At this conference, we have concentrated on the issue of crisis prevention at the regional level. One problem with this approach, in so far as the BIS is concerned, is that we have been working hard in recent years to become an institution with global reach rather than one which is primarily regional (European). In fact, we have made welcome progress over the last five or six years even if there is still much to be done. One thing to note is that, unlike the Fund, the BIS is not an organisation with universal membership. Rather, we can allow selective membership and, indeed, have done so by offering shareholder status to only some of the more important emerging market countries. We want global reach and global input to our discussions, but the issue is how meetings and discussions at the BIS can nevertheless be kept small enough to be efficient.
Of course, this approach still leaves us with an inclusion problem that we all recognize. One way we are trying to deal with this is by using cooperation with regional central banks more effectively than we have done in the past. We have opened a regional office in Hong Kong, and are planning to open one in Mexico City. This will facilitate direct contact between the BIS and regional central banks. The other thing we are trying to do is to interact more with existing groups whose purpose is to promote central bank cooperation in particular regions. In Latin America, the principal such group is the Centro de Estudios Monetarios Latinoamericanos (CEMLA). However, Asia (and to a lesser extent Africa) presents something of a political problem for us because of the multiplicity of regional central banking groups to which Amar and others alluded this morning. Given certain rivalries, the issue of who to cooperate with takes on some importance. Nevertheless, we are proceeding as best we can by dealing with all initiatives on the basis of their individual merits, and by trying to build on the strengths of the different groups as we see them.
Crisis management is essentially the Fund's business. The principal way the BIS was drawn into it in the past was through so called "bridge loans". These occurred when a country was expected to receive a drawing from the IMF, but there would be a technical delay before the money was actually disbursed. In such cases, the BIS would lend the money up front, subject to a takeout by the G10 central banks (most of whom would be indemnified by their Treasuries). In recent years, as the Fund's disbursement process has improved, there has been much less need for this. In the past, it was also the case that some loans were made primarily for cosmetic purposes. There is now a greater understanding that such loans often offer no material advantage and can even be counterproductive.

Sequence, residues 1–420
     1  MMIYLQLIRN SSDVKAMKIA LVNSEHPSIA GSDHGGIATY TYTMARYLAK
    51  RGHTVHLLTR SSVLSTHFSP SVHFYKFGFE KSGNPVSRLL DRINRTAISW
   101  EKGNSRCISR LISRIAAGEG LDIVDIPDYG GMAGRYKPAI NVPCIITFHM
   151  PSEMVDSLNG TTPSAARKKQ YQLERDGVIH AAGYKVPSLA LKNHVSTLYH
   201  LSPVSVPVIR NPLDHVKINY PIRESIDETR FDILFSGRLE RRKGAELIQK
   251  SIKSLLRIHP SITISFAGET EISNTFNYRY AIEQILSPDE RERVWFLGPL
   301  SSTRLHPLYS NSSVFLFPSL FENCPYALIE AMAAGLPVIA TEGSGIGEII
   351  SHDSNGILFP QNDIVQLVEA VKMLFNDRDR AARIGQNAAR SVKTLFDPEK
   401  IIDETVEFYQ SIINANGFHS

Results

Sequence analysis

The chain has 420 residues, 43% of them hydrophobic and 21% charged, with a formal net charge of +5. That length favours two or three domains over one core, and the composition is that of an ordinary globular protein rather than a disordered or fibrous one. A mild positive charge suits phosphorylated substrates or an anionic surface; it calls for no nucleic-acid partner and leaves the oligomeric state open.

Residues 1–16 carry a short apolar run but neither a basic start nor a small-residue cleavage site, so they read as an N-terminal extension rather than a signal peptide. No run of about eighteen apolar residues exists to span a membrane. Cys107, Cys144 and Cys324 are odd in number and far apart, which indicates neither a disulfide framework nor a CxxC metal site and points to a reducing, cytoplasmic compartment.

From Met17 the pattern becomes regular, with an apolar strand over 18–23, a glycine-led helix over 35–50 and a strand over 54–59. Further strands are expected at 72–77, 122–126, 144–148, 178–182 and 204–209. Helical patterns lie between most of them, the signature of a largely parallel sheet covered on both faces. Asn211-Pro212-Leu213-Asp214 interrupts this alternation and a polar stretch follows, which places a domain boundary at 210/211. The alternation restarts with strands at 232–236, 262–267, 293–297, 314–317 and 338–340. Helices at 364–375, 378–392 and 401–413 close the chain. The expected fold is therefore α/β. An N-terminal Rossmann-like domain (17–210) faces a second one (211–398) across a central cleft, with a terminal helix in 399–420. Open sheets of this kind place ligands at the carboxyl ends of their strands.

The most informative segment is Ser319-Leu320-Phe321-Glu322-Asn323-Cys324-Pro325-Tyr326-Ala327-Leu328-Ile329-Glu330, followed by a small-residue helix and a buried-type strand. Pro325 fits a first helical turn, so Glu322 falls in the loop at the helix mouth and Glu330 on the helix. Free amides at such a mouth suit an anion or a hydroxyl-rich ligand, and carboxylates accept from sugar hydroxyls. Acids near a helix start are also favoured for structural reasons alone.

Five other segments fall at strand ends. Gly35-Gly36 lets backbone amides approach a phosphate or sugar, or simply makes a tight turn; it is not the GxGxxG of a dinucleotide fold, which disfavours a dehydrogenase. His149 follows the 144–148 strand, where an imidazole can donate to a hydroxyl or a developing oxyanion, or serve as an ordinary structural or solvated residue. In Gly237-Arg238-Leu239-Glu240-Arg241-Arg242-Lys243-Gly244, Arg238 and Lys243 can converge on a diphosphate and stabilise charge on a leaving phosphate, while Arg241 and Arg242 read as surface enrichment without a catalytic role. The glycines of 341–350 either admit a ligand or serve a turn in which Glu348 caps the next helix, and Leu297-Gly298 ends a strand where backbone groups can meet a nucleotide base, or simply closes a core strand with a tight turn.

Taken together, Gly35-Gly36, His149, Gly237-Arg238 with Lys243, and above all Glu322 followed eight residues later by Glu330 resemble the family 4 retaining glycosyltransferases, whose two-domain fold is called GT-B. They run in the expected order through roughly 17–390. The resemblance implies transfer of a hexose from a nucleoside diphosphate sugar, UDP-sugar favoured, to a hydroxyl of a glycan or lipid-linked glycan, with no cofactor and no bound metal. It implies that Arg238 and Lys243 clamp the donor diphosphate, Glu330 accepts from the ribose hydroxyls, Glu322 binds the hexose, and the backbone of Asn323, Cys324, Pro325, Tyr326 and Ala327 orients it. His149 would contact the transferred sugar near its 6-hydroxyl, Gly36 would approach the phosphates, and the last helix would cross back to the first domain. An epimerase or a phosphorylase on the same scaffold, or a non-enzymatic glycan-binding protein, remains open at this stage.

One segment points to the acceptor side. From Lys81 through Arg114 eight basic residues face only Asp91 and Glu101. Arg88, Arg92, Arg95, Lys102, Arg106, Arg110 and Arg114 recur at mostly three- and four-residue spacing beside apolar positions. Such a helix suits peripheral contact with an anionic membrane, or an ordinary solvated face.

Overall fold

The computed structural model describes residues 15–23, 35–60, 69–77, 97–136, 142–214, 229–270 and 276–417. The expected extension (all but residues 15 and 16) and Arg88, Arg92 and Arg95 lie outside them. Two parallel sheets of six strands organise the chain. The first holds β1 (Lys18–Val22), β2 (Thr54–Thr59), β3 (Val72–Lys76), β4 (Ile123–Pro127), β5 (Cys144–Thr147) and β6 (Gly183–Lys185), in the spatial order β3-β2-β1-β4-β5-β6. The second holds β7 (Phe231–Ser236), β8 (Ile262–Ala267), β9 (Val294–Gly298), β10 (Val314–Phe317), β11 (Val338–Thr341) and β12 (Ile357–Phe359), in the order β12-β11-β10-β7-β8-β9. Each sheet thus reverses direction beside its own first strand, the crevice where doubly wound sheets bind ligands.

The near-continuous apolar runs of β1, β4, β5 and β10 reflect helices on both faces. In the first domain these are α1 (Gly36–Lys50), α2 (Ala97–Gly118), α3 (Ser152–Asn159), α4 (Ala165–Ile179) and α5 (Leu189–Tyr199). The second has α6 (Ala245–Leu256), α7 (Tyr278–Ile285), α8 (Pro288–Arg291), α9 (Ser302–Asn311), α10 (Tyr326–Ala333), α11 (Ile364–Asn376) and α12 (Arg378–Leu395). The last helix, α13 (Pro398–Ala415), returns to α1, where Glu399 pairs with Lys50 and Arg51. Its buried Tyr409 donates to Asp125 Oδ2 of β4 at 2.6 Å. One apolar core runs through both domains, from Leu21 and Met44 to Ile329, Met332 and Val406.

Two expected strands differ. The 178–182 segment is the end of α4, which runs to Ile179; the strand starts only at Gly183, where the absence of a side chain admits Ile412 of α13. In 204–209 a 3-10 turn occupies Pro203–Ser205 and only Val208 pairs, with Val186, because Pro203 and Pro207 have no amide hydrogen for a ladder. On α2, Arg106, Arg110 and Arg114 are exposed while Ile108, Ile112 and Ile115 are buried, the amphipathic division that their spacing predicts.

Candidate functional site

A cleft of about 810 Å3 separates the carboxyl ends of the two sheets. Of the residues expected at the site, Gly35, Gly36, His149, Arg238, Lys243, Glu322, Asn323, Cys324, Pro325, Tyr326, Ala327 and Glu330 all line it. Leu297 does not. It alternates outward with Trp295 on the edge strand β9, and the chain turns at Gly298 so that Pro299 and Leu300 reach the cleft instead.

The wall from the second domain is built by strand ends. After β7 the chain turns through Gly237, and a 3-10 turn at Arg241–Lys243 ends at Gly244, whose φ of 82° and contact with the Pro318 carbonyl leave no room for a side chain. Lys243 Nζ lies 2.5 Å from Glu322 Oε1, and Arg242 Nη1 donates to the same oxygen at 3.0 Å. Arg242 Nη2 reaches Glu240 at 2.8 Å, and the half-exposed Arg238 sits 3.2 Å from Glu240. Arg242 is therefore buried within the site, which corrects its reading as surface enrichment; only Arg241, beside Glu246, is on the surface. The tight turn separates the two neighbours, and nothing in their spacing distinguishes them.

Nevertheless, the practical experience that the BIS has accumulated over the years might still allow it to play a useful role in assisting initiatives to raise foreign exchange reserves in support of chosen exchange rate regimes. One possibility in this area would be support for regional initiatives like the Chiang Mai and Asean-plus-Three arrangements. Another would be attempts to raise funds in addition to IMF lines. Consider the case of Korea in 1998, where the US Treasury tried to arrange such support bilaterally from many countries. These efforts did not succeed, in part because each participant country had grounds for concern that other countries were negotiating better deals than they were. Demanding, in the middle of a crisis, that the troubled country negotiate simultaneously with a very large number of counterparties was never a very practical proposition. An alternative might have been to use the multilateral templates and legal documents developed by the BIS. This would have ensured fair and transparent treatment of all those involved, and thus facilitated negotiations. This was the outcome when the BIS helped arrange multilateral support for Brazil in 1998. A further role for the BIS might be to provide protection, given its immunities, to the foreign exchange reserves of sovereigns in the midst of a liquidity crisis. Akin to the need for ongoing financing subject to Chapter 11 in the United States, this might be a further small contribution to improvements in how such sovereign liquidity crises are currently managed.